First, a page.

With Shutdown Over, All E-Verify Services Now Available

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After the federal government’s partial shutdown on October 1, 2013, employers were unable to access their E-Verify accounts. Now that funding has been restored and E-Verify services are back online, the Department of Homeland Security has issued guidance and instructions to employers.

Grace Period Until November 5

Employers must create an E-Verify case for each employee hired during the shutdown (October 1-17, 2013) no later than November 5, 2013. When prompted by the E-Verify system to explain why the case was initiated late (a violation of the three-day E-Verify rule), employers may select “other” from the drop-down list of reasons and enter into the text field “federal government shutdown.”

The three-day rule is back in effect for employees hired on or after October 17, 2013.

Resolving TNCs

If a tentative nonconfirmation (TNC) was issued for an employee between September 17, 2013 and September 30, 2013, and it could not be resolved because of the shutdown, employers may notify any affected employee to add 12 federal business days to the date printed on the referral letter or referral date confirmation. Employees should contact the Social Security Administration or Department of Homeland Security to resolve their cases by the new date.

If any employee chose to contest the TNC during the shutdown, now is the time to initiate the referral process through E-Verify.

SSA Final Nonconfirmation or DHS No-Show Results

If an employee received an final nonconfirmation (FNC) or a No-Show because of the shutdown, employers have been instructed by E-Verify to close the case and select one of the following from the drop-down list: “The employee continues to work for the employer after receiving a Final Noncomfirmation (FNC) result”; or “The employee continues to work for the employer after receiving a No-Show result.” In these cases, the employer may immediately enter a new case in E-Verify for that employee. Historically this response has been viewed as an audit trigger by E-Verify Compliance and Monitoring, and has been seen as a possible ICE audit trigger, but E-Verify is indicating that this step is necessary to ensure the employee is afforded the opportunity to contest and resolve the TNC that led to the FNC result.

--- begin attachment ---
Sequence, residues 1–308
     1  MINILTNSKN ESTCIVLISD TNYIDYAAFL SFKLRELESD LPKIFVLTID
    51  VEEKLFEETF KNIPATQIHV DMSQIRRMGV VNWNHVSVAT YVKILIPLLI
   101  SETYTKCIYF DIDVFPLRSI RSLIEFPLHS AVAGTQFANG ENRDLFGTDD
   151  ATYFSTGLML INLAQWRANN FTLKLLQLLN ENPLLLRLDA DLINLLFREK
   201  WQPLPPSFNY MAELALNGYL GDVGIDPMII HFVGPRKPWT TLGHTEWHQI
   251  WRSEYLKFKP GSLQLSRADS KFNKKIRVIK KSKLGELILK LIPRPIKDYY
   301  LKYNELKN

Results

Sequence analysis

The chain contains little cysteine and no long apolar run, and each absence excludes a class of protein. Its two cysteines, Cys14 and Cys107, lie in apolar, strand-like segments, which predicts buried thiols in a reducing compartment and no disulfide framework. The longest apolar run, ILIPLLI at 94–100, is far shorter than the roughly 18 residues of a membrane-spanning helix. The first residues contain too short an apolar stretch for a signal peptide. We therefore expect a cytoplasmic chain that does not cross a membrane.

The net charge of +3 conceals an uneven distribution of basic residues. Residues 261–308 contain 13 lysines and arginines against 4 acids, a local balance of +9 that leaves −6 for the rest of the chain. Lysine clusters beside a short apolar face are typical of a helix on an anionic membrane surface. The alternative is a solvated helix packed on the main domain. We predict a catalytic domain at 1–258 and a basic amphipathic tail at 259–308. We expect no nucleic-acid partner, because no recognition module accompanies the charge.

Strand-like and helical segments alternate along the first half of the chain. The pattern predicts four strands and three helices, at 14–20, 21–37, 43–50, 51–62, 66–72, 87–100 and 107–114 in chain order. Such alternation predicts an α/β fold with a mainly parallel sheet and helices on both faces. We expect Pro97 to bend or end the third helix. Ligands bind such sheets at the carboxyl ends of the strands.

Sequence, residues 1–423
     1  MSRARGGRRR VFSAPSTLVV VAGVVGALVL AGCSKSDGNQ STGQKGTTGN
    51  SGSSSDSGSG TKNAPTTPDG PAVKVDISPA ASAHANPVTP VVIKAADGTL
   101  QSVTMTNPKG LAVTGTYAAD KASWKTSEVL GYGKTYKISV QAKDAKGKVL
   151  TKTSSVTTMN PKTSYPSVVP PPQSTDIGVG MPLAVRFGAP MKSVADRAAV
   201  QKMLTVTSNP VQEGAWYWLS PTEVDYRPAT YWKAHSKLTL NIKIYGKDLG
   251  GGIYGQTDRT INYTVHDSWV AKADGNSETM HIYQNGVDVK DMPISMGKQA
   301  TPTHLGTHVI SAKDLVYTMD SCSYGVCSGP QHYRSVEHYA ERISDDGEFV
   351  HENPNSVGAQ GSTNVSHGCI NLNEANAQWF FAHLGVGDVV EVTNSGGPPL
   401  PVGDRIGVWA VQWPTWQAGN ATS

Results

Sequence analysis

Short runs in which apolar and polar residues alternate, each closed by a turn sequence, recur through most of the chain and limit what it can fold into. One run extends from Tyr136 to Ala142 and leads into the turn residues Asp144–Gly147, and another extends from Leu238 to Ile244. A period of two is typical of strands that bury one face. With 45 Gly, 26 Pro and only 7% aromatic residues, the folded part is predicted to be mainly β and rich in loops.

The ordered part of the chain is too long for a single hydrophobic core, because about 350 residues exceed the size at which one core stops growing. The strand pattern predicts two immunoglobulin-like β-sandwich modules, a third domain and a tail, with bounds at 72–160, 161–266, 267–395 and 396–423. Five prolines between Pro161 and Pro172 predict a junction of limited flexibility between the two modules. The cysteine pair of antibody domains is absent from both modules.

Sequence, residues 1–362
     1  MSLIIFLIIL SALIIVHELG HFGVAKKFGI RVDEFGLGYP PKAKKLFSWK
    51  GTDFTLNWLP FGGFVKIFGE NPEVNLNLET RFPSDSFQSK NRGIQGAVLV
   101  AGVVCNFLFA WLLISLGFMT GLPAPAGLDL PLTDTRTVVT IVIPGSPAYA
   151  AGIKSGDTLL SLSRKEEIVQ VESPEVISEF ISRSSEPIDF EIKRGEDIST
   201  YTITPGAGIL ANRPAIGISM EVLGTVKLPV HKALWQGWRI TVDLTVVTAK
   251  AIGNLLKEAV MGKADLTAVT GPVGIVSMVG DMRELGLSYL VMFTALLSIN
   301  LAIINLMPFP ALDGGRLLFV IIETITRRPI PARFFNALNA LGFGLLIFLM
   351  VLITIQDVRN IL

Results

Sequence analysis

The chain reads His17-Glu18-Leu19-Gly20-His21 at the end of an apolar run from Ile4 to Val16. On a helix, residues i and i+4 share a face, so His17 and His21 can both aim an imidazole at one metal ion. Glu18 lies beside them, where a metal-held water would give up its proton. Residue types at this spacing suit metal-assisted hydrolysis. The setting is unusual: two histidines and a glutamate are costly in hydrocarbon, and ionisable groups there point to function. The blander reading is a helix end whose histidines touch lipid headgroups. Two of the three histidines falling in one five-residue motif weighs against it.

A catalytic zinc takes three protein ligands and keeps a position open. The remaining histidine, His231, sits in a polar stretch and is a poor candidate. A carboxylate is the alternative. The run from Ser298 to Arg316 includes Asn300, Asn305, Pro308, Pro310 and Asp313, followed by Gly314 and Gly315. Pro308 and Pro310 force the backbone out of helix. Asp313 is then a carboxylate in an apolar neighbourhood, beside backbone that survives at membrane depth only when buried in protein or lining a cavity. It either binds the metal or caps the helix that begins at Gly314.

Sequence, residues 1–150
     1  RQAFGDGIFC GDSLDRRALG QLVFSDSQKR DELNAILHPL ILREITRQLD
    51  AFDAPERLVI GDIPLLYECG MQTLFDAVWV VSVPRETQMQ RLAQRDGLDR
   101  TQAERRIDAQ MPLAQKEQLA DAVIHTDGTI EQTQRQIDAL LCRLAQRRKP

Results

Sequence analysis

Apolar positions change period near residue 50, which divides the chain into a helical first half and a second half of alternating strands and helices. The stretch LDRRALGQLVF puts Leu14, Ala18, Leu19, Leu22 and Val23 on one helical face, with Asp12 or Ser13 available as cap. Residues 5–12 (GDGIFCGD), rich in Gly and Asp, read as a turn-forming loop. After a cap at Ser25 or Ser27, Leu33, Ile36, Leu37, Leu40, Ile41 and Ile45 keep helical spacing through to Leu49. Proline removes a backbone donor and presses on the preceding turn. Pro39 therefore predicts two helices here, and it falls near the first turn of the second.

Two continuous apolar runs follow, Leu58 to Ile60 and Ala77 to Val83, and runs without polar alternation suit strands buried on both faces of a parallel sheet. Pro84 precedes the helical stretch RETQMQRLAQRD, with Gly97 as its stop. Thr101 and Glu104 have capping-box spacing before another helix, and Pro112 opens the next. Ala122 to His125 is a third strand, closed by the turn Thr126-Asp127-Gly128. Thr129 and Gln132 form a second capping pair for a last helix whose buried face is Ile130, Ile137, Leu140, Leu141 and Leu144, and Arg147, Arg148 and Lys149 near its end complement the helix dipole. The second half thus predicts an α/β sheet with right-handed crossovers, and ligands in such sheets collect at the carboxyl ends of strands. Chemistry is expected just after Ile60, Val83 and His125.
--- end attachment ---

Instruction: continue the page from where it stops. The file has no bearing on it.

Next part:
Federal Contractors and E-Verify

Federal contractors that could not enroll or use E-Verify can now do so in accordance with E-Verify’s instructions as summarized above. Contractors affected by the shutdown’s E-Verify unavailability should be in contact with the contracting officer to confirm the guidance received from E-Verify for complying with the federal contractor rules.

Topics:  DHS, E-Verify, Federal Contractors, Tentative Nonconfirmation, USCIS

Published In: Government Contracting Updates, Immigration Updates, Labor & Employment Updates

DISCLAIMER: Because of the generality of this update, the information provided herein may not be applicable in all situations and should not be acted upon without specific legal advice based on particular situations.

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